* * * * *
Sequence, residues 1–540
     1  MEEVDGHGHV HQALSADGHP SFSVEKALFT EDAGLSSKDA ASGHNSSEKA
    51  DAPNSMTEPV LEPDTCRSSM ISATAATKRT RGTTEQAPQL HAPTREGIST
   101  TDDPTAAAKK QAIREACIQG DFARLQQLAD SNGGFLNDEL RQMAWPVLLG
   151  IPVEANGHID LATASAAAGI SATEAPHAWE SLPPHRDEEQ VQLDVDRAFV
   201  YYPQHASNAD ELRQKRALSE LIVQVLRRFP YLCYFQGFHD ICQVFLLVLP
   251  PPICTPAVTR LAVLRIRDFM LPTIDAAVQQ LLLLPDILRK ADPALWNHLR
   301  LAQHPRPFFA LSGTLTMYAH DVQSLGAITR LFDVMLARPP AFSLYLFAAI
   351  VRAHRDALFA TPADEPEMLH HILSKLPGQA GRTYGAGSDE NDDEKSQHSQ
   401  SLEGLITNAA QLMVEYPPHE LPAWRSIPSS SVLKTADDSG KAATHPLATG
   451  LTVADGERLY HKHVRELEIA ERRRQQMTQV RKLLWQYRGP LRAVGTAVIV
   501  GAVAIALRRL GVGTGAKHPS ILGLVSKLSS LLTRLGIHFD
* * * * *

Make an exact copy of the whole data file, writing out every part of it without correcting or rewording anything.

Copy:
Sequence, residues 1–540
     1  MEEVDGHGHV HQALSADGHP SFSVEKALFT EDAGLSSKDA ASGHNSSEKA
    51  DAPNSMTEPV LEPDTCRSSM ISATAATKRT RGTTEQAPQL HAPTREGIST
   101  TDDPTAAAKK QAIREACIQG DFARLQQLAD SNGGFLNDEL RQMAWPVLLG
   151  IPVEANGHID LATASAAAGI SATEAPHAWE SLPPHRDEEQ VQLDVDRAFV
   201  YYPQHASNAD ELRQKRALSE LIVQVLRRFP YLCYFQGFHD ICQVFLLVLP
   251  PPICTPAVTR LAVLRIRDFM LPTIDAAVQQ LLLLPDILRK ADPALWNHLR
   301  LAQHPRPFFA LSGTLTMYAH DVQSLGAITR LFDVMLARPP AFSLYLFAAI
   351  VRAHRDALFA TPADEPEMLH HILSKLPGQA GRTYGAGSDE NDDEKSQHSQ
   401  SLEGLITNAA QLMVEYPPHE LPAWRSIPSS SVLKTADDSG KAATHPLATG
   451  LTVADGERLY HKHVRELEIA ERRRQQMTQV RKLLWQYRGP LRAVGTAVIV
   501  GAVAIALRRL GVGTGAKHPS ILGLVSKLSS LLTRLGIHFD